And That's OK
Have you ever wondered why every app looks and feels the same?
Rounded sans-serif fonts… packaged as a custom wordmark, like Goldman Sans (i wish this were a parody site but alas…)
Bold “whimsical” statements and provocative images…
Minimal interfaces and stripped down choices…
Everything looks and feels the same. Simple. Sleek. Safe.
As humans, we are wired to create, seek out, and reinforce patterns. And for some reason, this has permeated every element of the modern Silicon Valley design aesthetic, leading to a hellscape of pastel tones. It also doesn’t help that every app just emulates the most popular features of every other app like some twisted non-stop mash-up game where every app just becomes some frankenstein blend of every other app and then, issues a credit card. Because of course. And every startup at some point uses the same ten brand and design consulting firms, like Red Antler who literally created the blanding trend (a perjorative twist on branding, get it?) and is single handedly responsible for ruining adverts on the NYC subway.
Most apps we interact with rely on trained behavior patterns and behavioral loops that are designed to eliminate choice and friction, and to push you one step closer to the ultimate desired action - enter data in form. buy. subscribe. like.
What these apps are really trying to do with their bland design is remove the challenges presented by choice in a world where we already feel overwhelmed with information.
It’s the illusion of careful curation without actually curating anything, because you don’t even have choice to begin with.
For those who haven’t read it yet, I highly recommend reading Kyle Chayka’s “Welcome to Airspace” on why every hotel, AirBnB, home on apartment therapy, or otherwise commercial space now looks the same. Homogeneity in design space provides comfort and psychological safety. Sameness as a service minimizes the friction of moving between spaces. There are literally hundreds of startups funded to the tune of billions of dollars that will let you homogenize your space and turn it into AirSpace, like some twisted venture funded gentrification service that is delivered, as you by now will guess, via a blanded neutered app that looks like every other app.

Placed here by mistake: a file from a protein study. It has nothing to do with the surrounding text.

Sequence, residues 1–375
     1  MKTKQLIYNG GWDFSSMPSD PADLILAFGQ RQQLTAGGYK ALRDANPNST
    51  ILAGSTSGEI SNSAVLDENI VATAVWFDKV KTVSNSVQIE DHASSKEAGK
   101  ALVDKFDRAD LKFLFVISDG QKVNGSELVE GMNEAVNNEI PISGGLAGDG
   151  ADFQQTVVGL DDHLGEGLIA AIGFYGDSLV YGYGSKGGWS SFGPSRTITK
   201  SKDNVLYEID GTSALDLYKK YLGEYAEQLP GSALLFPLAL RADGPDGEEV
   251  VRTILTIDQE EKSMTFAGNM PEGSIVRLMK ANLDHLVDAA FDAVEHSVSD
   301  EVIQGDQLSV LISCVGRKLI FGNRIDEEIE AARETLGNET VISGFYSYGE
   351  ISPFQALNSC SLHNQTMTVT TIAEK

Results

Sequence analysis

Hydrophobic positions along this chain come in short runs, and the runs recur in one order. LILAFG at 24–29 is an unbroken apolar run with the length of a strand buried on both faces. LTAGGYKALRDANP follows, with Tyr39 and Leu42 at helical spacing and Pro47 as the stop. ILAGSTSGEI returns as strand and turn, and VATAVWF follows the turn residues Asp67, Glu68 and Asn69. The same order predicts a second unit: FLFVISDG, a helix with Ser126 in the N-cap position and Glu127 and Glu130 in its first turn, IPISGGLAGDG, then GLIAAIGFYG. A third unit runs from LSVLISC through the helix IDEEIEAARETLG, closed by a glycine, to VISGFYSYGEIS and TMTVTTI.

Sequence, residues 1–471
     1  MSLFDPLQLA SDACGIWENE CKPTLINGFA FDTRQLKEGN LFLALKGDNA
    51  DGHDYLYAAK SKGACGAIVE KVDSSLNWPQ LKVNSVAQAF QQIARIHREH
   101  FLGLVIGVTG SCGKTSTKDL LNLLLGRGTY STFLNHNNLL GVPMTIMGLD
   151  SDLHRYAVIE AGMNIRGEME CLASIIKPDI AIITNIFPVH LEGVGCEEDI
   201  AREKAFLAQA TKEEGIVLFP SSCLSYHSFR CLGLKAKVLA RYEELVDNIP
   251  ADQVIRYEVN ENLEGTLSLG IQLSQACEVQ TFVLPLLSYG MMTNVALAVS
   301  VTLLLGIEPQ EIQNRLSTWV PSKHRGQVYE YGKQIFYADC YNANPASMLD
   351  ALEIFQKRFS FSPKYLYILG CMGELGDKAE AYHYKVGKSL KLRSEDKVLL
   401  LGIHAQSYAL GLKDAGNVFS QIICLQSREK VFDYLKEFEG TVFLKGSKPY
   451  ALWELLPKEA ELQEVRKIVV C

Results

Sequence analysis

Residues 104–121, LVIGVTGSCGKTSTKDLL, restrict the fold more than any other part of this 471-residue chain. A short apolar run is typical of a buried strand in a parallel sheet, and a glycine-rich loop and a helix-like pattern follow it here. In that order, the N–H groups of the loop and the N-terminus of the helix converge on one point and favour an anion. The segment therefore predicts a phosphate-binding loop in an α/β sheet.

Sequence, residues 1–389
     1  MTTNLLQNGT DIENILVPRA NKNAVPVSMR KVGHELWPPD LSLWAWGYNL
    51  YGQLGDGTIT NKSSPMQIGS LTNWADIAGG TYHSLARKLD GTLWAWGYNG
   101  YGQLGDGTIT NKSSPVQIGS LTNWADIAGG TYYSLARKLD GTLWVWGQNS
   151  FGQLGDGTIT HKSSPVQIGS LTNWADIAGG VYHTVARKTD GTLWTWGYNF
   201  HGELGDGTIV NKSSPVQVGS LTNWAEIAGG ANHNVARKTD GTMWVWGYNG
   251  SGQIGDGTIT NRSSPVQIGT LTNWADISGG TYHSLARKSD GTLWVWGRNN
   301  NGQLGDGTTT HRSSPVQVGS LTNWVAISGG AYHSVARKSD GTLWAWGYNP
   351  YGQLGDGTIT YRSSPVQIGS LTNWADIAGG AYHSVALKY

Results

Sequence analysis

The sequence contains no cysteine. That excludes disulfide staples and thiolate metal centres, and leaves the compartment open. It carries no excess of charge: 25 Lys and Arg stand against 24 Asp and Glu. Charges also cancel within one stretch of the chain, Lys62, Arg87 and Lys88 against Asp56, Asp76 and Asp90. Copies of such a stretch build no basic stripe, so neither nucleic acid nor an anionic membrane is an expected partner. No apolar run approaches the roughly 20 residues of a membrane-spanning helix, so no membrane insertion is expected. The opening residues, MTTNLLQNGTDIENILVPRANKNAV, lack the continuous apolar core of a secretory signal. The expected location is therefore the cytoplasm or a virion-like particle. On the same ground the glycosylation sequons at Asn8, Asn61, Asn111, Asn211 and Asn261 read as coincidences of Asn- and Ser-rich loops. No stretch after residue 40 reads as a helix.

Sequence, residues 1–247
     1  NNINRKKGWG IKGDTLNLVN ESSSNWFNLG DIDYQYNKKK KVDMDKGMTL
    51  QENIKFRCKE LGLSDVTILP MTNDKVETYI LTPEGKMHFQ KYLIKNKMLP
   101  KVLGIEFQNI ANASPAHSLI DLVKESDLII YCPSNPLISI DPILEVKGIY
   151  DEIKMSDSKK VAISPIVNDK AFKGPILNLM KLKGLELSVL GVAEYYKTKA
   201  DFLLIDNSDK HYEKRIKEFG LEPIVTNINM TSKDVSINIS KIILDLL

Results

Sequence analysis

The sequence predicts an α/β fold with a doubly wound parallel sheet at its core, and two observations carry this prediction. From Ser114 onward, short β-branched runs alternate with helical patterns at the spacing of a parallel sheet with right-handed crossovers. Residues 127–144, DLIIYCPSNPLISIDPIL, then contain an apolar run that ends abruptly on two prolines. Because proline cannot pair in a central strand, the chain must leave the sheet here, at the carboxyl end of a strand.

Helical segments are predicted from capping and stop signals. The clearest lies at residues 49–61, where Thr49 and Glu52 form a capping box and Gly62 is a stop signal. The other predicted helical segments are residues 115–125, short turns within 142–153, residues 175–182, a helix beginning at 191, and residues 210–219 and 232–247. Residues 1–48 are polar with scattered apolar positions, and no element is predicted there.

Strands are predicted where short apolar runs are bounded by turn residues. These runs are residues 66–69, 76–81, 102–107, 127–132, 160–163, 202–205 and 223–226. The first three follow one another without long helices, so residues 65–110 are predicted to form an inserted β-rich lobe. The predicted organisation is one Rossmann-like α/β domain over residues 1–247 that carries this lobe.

The Sameness is the Trap
I guess this post is a direct response to a statement I hear all the time.
“Crypto UX / UI sucks!” which is then immediately followed by “We must fix it and make it better / easier / faster / more intuitive to use!”
I must admit that I too, once, fell into this trap of believing that if we could fix THE UX! THE HORRORS! then the problems and challenges of crypto would melt away, and we would ascend to a utopian dream-land of sameness and blandness in soothing pastel colorways. Let me get some of those Figma designs and add in some Intercom chat and Shopify integration and add some nice Typeform flows mmhmmm.
Mass adoption here we come! Billions of people in “Africa” will use this app and be saved from the terrors of correspondent banking and Western Union! Pre-booking my chalet for Davos 2022 now.
All because this UX be smooth like buttah.
Crypto UX does Suck
But it does not need to be “fixed.”
Fixing implies there is a template.
Fixing implies there is a standard.
Fixing implies there is something wrong.
The whole point of crypto is opening up a design space that has previously been inaccessible. And in that process, a lack of consensus creates permission for new modalities outside of the bubble that started in Silicon Valley and has been exported to every start up and tech company around the world.